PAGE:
18 of the Most Notable Censored Album Covers

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Puritans were some of the earliest European settlers in North America, and despite the sexual revolution and half a century of rock & roll, the U.S.A. still has a strong tradition of bluenose moralizing.

Many musicians have tried to push the limits of society in their album packaging — only to find out that sometimes society pushes back. Here are 18 of the most notable censored album covers: The reasons for their bowdlerization include squeamishness about toilets, nudity, and general freakiness.

1. The Mamas and the Papas, ‘If You Can Believe Your Eyes and Ears’ (1966)

The original cover for the Mamas and the Papas’ debut album: all four band members crammed into a bathtub (with Michelle Phillips stretched out over the other three). But because it was taken in an actual bathroom, the photo also included a toilet, which was taboo. The toilet was first obscured with a text box, and later cropped out entirely.

2. The Beatles, ‘Yesterday and Today’ (1966)

Times have changed: this image of the Beatles in white smocks, posing with slabs of meat and decapitated baby dolls now seems like the mildest form of provocation. (The Fab Four may have been protesting the Vietnam War, may have been complaining about how their American record company shuffled and repackaged their albums for the USA market, or may have been indulging in some dark humor.) But in the States, the backlash against the cover was so strong, Capitol had to recall 750,000 copies and replace the image with an anodyne photo of the band around a steamer trunk.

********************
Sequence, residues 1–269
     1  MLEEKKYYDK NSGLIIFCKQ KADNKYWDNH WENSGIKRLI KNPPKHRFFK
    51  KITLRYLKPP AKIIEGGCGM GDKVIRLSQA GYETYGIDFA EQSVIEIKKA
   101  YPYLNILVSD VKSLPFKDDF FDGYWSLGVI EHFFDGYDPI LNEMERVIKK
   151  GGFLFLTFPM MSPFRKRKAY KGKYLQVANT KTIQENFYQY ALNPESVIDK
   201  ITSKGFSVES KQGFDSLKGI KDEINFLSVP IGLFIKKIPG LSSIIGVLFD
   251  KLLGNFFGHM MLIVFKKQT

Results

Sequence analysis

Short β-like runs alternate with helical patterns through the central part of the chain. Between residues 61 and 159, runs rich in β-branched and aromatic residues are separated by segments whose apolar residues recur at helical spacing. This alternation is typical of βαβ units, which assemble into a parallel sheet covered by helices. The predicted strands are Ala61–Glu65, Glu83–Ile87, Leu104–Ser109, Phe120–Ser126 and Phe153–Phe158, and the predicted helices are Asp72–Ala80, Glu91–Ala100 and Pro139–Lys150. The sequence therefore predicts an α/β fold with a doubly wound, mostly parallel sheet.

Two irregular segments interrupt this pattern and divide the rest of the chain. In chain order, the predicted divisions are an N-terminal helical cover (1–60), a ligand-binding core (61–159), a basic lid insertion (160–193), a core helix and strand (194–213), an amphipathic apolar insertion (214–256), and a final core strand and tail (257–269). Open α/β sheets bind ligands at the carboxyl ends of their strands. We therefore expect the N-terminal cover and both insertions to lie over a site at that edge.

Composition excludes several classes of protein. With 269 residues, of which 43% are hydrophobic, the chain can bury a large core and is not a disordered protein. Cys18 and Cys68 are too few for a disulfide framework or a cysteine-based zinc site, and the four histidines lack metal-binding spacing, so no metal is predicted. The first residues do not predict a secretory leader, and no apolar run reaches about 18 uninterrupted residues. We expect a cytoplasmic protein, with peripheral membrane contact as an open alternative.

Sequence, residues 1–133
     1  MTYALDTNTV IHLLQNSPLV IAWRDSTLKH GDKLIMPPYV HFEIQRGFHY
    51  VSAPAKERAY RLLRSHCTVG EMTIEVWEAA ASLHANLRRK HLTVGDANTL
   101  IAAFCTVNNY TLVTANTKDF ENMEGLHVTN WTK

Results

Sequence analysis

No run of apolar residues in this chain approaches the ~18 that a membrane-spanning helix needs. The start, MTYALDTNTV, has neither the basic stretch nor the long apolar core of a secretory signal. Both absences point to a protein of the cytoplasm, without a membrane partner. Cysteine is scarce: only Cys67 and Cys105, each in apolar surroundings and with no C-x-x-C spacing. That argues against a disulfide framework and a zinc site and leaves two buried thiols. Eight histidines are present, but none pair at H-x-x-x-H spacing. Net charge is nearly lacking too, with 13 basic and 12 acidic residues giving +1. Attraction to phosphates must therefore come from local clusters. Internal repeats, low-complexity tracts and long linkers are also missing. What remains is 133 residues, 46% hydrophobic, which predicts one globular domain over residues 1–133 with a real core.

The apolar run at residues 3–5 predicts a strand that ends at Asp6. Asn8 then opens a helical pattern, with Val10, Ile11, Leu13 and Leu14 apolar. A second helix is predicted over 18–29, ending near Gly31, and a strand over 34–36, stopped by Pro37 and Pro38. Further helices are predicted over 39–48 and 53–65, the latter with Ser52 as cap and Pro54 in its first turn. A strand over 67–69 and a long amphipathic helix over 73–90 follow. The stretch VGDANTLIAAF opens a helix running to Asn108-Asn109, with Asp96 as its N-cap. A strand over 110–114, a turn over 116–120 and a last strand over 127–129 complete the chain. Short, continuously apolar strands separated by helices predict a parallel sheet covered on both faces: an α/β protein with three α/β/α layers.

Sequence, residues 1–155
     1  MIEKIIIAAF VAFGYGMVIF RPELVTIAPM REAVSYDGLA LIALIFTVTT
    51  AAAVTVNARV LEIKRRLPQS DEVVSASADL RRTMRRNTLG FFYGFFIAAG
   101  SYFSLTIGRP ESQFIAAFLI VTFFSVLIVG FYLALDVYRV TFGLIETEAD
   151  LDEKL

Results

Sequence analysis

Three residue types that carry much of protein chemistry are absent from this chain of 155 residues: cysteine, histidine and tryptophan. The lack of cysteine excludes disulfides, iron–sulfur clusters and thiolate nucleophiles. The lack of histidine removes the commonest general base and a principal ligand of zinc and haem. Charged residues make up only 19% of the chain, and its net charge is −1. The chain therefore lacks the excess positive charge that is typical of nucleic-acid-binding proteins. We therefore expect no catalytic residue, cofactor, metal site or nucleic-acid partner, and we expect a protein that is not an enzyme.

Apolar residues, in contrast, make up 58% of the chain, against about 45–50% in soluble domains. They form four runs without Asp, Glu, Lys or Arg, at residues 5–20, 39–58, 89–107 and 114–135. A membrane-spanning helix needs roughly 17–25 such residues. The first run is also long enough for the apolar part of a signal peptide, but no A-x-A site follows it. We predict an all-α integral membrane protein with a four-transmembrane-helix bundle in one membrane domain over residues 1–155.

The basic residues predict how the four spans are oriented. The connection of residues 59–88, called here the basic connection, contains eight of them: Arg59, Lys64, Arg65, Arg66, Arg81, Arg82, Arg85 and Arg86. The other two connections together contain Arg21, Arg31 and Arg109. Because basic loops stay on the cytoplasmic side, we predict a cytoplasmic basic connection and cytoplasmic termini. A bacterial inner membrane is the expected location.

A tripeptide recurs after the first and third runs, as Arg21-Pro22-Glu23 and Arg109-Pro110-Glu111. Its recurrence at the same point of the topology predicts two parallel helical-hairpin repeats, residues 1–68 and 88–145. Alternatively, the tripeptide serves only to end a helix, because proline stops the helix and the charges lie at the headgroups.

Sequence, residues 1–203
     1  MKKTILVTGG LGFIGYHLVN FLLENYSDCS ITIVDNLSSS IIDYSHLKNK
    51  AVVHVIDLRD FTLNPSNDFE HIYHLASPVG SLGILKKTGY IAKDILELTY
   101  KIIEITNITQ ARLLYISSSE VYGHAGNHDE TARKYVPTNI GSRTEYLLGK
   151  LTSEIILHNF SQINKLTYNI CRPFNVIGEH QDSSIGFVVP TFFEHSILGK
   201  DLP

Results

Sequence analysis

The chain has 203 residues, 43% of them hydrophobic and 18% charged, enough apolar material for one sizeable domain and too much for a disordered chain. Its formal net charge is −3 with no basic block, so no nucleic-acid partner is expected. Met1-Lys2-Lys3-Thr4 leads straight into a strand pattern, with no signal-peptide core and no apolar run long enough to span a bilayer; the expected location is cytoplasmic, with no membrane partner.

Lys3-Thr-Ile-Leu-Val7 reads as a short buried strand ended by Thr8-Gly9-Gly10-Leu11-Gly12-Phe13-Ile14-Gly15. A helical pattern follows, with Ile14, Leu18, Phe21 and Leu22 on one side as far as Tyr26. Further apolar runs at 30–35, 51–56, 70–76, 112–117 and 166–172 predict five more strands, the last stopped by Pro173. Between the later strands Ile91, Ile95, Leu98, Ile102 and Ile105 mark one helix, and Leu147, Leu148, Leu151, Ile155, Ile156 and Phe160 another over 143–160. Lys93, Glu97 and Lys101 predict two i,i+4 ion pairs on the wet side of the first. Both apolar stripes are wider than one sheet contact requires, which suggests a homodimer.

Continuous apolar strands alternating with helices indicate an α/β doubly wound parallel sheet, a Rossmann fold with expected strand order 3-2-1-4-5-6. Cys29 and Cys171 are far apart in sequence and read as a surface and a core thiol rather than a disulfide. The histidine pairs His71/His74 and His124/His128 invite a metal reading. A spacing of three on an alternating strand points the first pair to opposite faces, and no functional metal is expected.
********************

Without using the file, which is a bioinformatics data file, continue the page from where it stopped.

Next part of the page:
3. Rolling Stones, ‘Beggars Banquet’ (1968)

Toilets were still taboo in 1968 — enough so that the Stones’ record company rejected the cover photo of a bathroom wall full of graffiti (at a Porsche dealership in Los Angeles), ultimately replacing it with a plain white cover with italic black print in the mode of a formal invitation. The album was delayed for months as a result, and the original art didn’t surface until the Eighties.

4. Blind Faith, ‘Blind Faith’ (1969)

The Eric Clapton-Steve Winwood supergroup had no name until they saw the cover art for their album, which photographer Bob Seidemann called “Blind Faith”: an 11-year-old girl with her shirt off, her innocence in counterpoint to the technological toy in her hands. (Model Mariora Goschen says that she was promised a horse for posing for the cover, and had to settle for 40 pounds sterling.) In the United States, the image of a topless tween provoked outrage (although not as much as it probably would today), so the record company also offered a version with a picture of the band.

5. Alice Cooper, ‘Love It to Death’ (1971)

Alice Cooper (the band and the singer) broke through with their third album, featuring “I’m Eighteen.” But they got flak for a juvenile stunt in the album photo: Cooper wrapped his cape around him and poked his right thumb out, making it look to a casual viewer like his schlong was hanging out. For his trouble, he had his entire right arm airbrushed out.

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